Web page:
Everyone Is Looking at You by Mark Baldyga

February 14, 2016

You’re not the type of person to go to poetry readings, but tonight you came anyway. Now you’re sitting here, in this café, on this stool, looking for something. The next line to your poem. How does it go? Cataracts like raindrops on the windshield / She leans over to—to what? What would she lean over to do? Kiss you? Fat chance. Not even the fictional women in your poetry want anything to do with you. Not even you want anything to do with you. You’re shaking on a stool in front of fifteen people on a Wednesday night, mumbling your way through a poem you wrote in ten minutes before you left for work, and you can’t even remember how it goes because you left your notebook on the bus. Life, for you, is cruel in a casual and disinterested kind of way.

The room is quiet.

In the audience, someone coughs. You think it might have been a fake cough, but you’re not sure. You contemplate reaching for the microphone and asking the guy with the beard in the tweed if his cough was a real cough or a fake cough, but the microphone seems so very far away and your hands are shaking in your lap and besides you don’t really think you want to hear the answer anyway.

The room is quiet.

Two girls are sitting near you, looking up. Every few seconds the left one leans over to whisper in the right one’s ear, and you think the left one’s kind of cute but her friend scares you because blonde women in general scare you and suddenly it comes to you the way sleep does and you don’t know how you could have forgotten—whispering, She leans over to whisper in my ear. You say the line. It comes out halting, pausing, skipping, breaking, stumbling, stammering, faltering.

Okay, what now? What does she whisper in your ear? Something profound, no doubt. Something you could have thought of only in those ten minutes before work. You sit there and wait for it to come to you but it doesn’t—you are waiting for a boomerang but have thrown a banana.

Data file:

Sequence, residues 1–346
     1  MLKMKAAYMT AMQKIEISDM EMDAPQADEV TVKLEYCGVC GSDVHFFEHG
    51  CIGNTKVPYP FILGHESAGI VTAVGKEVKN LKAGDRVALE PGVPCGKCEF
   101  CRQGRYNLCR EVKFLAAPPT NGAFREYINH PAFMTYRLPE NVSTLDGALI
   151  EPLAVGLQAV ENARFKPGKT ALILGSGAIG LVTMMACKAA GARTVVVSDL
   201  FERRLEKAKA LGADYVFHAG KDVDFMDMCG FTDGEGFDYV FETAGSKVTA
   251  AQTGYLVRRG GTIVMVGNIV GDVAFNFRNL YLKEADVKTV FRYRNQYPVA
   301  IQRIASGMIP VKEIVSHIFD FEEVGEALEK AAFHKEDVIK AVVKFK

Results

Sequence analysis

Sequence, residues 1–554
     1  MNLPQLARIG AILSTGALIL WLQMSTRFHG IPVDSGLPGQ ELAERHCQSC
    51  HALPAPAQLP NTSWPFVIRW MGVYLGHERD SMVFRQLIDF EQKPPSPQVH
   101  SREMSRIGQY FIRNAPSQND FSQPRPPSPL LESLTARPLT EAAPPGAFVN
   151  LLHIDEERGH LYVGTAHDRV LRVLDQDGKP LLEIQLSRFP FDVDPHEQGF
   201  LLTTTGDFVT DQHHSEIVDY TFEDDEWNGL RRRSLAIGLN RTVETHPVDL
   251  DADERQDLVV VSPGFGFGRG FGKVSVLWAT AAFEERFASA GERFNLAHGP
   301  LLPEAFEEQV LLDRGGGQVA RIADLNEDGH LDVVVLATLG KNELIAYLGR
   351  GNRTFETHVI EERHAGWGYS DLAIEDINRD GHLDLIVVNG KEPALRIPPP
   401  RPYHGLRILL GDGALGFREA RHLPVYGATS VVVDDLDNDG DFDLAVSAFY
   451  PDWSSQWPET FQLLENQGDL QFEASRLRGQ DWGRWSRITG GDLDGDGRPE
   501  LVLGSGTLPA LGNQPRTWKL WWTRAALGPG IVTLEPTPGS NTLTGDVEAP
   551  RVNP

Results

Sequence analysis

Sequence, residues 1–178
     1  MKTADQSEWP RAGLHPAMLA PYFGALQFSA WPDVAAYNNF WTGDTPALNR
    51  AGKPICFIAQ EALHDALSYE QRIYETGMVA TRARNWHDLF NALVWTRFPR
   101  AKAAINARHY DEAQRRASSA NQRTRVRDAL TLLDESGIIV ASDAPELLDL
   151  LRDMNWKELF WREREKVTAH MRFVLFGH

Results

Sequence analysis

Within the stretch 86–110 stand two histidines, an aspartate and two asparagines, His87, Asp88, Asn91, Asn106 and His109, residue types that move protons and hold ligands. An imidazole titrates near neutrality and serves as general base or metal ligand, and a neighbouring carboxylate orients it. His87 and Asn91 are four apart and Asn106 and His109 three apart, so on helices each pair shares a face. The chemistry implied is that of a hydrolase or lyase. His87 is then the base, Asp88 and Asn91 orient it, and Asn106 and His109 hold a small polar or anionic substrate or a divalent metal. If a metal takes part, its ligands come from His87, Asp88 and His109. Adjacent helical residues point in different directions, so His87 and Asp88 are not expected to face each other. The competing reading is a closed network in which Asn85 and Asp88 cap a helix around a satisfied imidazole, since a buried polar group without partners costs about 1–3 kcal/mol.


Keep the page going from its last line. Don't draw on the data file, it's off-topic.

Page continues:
The room is quiet.

You look at the girls. The one on the left is still whispering, but the one on the right has started shaking, laughing silently, covering her mouth with one hand and crinkling her eyes the way people do. All around you the silence beats down like a sun. You want to get up and leave but you can’t, not until you finish this poem. Can you end it now? End on She leans over to whisper in my ear? No, you’ve waited too long. The only way out is to keep going. Next line, last one.

The room is quiet.

What does she whisper in your ear?

The room is quiet.

People shift in their seats restlessly.

The room is quiet.

Everyone is leaning over to whisper in everyone else’s ear.

The room is quiet.

Everyone is covering their mouth with one hand and crinkling their eyes the way people do.

The room is quiet.

Everyone is looking at you.

The room is quiet.

You pick a line.

And take a breath.

And say it.

It wasn’t in the poem when you wrote it, but it works. It’s five words long and ends on life. And even though your mouth is dry and your voice cracks on the first word and you stutter twice on the second you do not look down at your hands which are still shaking and you do not start over. You sit there, in this café, on this stool, and feel glad you came.


Mark Baldyga is a Brooklyn-based writer, poet, and digital artist currently pursuing a BA in Written Arts at Bard College. This is his first publication.